MasterCard goes on to note that "the interchange rate tables are organized by product type. Each interchange rate has a series of requirements, all of which must be satisfied in order for a transaction to qualify for that rate."
Unlike Visa's abbreviated version, MasterCard's guide is 100 pages. With that kind of thickness, there is a greater likelihood that I will read my home loan documents before a merchant reads MasterCard's guide.
I am not criticizing the companies for posting their interchange rates - on the contrary, I support their disclosure. But, if merchants can't read and understand the postings, it defeats the purpose of the guide. The schedule also doesn't assist merchants if it is so large that reading it is intimidating.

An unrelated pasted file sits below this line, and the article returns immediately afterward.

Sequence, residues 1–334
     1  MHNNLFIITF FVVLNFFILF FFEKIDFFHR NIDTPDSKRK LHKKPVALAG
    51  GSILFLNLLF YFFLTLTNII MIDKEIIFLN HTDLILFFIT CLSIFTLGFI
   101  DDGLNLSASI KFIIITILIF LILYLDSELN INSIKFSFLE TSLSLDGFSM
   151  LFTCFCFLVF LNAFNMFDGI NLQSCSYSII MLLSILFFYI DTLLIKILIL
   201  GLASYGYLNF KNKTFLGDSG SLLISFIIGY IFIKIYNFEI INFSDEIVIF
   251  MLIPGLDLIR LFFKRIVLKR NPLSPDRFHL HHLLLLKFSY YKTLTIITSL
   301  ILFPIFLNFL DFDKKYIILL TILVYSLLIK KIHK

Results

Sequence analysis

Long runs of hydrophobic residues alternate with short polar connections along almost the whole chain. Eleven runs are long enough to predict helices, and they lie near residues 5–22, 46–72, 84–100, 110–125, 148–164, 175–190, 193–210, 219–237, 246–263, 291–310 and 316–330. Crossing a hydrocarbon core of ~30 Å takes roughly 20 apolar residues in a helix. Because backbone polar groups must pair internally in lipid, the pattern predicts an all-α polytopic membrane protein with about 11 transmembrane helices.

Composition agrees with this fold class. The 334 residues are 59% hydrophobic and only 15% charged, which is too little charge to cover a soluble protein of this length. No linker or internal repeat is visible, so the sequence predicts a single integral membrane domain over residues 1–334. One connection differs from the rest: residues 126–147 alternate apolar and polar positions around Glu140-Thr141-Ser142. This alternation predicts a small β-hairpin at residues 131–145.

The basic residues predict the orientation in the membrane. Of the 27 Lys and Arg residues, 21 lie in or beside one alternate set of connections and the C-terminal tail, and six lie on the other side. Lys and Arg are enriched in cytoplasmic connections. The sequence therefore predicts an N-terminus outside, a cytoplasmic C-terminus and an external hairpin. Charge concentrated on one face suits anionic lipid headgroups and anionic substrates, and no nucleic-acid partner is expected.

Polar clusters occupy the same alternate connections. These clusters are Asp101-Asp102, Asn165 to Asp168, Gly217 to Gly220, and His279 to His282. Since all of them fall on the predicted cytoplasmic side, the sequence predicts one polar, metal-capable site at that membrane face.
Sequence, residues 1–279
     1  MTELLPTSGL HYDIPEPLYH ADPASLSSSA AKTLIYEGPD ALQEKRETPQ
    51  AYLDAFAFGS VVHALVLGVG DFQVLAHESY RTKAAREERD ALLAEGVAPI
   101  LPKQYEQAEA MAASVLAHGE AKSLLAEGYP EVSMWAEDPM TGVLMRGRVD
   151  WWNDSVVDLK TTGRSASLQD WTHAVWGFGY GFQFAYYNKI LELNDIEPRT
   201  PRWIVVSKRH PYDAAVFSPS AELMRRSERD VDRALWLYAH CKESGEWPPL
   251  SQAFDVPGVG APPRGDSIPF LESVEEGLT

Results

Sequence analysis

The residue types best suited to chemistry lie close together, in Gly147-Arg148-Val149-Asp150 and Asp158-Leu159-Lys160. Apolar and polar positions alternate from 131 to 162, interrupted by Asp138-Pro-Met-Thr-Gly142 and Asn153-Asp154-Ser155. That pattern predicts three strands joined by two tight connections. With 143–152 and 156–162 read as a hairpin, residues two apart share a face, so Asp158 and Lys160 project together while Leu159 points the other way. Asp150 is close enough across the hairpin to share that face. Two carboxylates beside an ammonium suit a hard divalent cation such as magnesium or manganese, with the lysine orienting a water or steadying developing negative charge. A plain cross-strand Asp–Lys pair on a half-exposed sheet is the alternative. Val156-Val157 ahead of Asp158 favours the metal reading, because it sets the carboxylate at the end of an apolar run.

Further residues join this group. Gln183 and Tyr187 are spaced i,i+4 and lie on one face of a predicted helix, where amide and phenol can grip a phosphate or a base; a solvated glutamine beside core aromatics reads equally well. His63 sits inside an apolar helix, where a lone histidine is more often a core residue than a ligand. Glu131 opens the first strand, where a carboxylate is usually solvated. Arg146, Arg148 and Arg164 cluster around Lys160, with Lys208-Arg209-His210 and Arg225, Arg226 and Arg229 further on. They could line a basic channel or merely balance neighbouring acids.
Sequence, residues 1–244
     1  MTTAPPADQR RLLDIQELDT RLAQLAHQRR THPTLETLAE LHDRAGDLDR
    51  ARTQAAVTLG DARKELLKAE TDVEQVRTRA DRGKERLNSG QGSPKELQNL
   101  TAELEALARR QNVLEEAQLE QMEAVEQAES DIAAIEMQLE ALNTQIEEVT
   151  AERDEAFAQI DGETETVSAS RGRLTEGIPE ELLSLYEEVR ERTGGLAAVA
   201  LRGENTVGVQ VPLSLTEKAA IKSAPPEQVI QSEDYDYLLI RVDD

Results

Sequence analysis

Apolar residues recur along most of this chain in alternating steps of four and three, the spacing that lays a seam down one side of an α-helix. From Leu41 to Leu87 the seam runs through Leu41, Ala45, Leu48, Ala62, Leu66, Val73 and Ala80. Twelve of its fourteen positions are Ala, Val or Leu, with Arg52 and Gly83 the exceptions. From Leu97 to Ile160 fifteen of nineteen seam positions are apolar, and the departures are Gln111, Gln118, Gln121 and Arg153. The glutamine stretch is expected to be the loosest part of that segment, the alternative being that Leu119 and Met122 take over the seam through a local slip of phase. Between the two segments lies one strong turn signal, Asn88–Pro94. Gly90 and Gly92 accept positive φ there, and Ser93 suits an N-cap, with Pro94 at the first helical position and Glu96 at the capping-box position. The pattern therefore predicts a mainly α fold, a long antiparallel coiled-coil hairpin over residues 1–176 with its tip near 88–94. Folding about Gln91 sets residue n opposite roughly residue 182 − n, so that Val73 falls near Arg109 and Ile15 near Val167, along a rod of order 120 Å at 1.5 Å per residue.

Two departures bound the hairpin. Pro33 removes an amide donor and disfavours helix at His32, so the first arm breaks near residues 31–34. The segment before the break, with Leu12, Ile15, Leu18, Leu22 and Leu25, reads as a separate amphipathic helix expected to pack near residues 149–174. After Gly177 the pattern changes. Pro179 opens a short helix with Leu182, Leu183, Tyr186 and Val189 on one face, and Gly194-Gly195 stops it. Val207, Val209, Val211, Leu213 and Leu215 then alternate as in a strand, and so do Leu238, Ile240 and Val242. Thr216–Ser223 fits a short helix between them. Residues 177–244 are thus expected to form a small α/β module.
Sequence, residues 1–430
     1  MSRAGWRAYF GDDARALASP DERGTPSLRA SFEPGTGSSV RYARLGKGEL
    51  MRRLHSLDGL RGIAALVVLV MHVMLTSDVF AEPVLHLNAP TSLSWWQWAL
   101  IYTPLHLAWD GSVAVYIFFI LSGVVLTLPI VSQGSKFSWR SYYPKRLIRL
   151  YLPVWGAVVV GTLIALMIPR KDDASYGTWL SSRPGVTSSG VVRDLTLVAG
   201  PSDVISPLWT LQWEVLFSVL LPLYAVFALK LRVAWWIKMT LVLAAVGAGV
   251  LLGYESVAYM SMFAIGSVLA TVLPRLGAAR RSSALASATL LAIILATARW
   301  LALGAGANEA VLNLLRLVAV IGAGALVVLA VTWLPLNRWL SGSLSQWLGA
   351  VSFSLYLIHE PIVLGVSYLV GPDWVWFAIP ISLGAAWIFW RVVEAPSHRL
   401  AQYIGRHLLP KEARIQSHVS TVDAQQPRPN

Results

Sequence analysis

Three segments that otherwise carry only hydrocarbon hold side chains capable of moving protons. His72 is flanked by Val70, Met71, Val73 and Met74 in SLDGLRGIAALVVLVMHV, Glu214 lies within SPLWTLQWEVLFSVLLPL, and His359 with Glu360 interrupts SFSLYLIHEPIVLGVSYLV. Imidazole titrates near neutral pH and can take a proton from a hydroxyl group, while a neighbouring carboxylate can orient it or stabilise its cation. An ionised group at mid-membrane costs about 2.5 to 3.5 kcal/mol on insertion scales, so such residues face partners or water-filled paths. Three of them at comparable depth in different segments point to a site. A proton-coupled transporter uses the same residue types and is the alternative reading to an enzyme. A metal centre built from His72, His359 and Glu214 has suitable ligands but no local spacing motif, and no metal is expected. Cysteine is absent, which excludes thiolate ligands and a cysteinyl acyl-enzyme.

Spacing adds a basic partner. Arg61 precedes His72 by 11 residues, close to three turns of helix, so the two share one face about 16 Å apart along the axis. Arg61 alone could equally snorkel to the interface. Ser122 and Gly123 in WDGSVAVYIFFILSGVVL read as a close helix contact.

Because of the number of categories, it is important to use time efficiently when studying interchange. For example, I tend to only casually glance at the changes to programs surrounding airlines, warehouse and all categories of tier one, two and three. Why? Because Humboldt Merchant Services does not sell to these merchant categories. Further, I know HMS' top three categories for card present and card not present merchants; they are listed in the chart accompanying this article.
Thus when I review a merchant's statement, outside of additional information, I can assume where the majority of transactions may fall. Internally, my staff actually lists the top five categories and make that available to our sales partners along with the actual percentage of volume falling into each category.
That information, while very important to HMS and our business partners, is not essential for this article.